IT IS one of the most beautiful but well-trodden parts of Scotland. Few people thought the Bonnie Banks of Loch Lomond had any more secrets to yield.
But a team of researchers called in to carry out a routine historical dig have uncovered an archeological gold mine.
Under planning rules, the 300-acre site at Midross, on the western side of the loch, scheduled to be a new championship golf course, had to be checked for historical significance.
The team of archeologists from Glasgow University found evidence of civilisation dating back almost 5,000 years,
uncovering a string of Bronze Age burial sites, Iron Age villages and an early Christian cemetery. Treasures found include two black shale bracelets of a kind never before found intact in Scotland and a rare Iron Age glass bead, only one of which has ever been found before north of the Border.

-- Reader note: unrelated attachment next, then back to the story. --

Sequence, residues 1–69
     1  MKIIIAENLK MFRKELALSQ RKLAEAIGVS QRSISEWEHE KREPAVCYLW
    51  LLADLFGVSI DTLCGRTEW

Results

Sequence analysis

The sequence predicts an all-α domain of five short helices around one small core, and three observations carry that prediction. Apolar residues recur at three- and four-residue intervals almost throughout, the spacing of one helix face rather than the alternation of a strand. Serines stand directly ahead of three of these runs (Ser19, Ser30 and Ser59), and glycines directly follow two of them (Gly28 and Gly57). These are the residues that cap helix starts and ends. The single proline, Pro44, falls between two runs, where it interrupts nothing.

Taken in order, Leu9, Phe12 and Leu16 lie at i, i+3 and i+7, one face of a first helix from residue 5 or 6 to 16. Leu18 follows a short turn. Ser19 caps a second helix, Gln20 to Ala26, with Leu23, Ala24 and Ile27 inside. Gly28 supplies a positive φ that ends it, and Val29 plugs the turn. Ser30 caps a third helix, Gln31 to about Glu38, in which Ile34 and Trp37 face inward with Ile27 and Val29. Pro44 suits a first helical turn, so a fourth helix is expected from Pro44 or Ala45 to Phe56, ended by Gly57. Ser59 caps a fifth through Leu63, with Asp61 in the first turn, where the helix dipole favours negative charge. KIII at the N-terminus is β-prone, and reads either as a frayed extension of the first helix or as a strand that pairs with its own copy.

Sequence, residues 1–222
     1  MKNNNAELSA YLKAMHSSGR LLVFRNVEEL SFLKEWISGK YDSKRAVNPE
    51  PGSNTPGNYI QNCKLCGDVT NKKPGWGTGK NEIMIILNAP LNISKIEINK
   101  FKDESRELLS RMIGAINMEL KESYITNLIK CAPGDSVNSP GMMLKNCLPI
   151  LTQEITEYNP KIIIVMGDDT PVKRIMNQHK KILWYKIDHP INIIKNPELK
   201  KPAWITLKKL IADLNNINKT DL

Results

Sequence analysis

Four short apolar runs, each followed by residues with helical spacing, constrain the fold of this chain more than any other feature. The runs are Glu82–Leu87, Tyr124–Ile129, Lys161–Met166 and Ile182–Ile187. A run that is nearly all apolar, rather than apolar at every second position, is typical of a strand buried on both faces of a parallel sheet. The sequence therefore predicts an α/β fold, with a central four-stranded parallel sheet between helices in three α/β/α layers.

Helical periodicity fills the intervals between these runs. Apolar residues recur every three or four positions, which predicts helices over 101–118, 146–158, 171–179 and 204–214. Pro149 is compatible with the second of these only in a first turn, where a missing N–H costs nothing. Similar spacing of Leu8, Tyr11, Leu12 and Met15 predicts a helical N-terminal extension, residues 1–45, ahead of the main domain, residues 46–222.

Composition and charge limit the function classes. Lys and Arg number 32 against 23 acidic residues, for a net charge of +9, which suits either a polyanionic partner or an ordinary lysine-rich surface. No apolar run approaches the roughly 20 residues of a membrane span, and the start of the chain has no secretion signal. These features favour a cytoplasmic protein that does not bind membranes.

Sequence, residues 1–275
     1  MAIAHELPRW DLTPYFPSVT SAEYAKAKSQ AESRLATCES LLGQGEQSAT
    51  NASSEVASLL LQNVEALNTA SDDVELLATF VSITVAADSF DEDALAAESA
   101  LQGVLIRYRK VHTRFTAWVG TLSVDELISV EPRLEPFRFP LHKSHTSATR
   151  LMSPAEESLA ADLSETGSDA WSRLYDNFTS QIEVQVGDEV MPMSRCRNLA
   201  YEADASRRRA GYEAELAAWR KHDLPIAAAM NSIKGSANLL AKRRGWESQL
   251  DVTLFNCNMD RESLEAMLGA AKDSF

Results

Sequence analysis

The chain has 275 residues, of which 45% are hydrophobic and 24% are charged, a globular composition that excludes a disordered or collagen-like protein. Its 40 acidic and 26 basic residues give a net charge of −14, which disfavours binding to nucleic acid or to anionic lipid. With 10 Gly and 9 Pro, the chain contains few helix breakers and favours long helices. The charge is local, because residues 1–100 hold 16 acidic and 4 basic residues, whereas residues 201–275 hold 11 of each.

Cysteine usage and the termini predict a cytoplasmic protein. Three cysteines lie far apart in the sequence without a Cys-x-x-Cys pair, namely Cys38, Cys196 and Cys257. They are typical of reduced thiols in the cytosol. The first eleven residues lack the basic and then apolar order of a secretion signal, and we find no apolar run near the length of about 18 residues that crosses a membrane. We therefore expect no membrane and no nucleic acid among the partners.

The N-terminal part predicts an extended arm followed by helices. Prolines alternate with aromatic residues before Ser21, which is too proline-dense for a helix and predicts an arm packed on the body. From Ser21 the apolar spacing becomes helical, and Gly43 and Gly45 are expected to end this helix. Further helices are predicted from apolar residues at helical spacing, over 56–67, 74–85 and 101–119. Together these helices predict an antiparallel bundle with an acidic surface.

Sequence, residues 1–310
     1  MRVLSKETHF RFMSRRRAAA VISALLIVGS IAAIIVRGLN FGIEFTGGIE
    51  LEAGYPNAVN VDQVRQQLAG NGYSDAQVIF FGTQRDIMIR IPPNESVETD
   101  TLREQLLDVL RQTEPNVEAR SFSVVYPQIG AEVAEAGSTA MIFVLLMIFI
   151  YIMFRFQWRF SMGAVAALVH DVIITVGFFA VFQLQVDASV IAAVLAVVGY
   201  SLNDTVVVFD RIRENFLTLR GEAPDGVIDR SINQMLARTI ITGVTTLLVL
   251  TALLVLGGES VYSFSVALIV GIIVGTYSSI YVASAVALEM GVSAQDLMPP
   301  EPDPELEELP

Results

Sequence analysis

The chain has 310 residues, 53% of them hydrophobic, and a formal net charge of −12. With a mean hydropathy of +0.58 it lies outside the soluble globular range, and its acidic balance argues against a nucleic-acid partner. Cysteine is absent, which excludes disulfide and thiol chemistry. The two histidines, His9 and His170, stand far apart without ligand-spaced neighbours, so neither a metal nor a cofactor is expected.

Glasgow University Archeological Research Division (Guard) arrived on site last October,
having been asked by the De Vere Hotel group to check for archeological remains before work started on the company’s 50m, loch-side "The Carrick at Loch Lomond" golf course and luxury lodge holiday development.
Guard’s project manager, Bob Will, said: "The glass bead is a significant find and will be regarded as a national treasure. In terms of importance, this site has to rank at least eight or nine on a scale of 10."
Will said that the sheer size of the site cleared for the golf course made it one of the largest-ever digs in Scotland. He added: "It is an incredible sequence because we are seeing 5,000 years of settlement in the same area."
Craig Mitchell, managing director of De Vere Resort Ownership, said one of the Iron Age settlements would be permanently protected.
"It is incredible to think of everything that happened here," he added.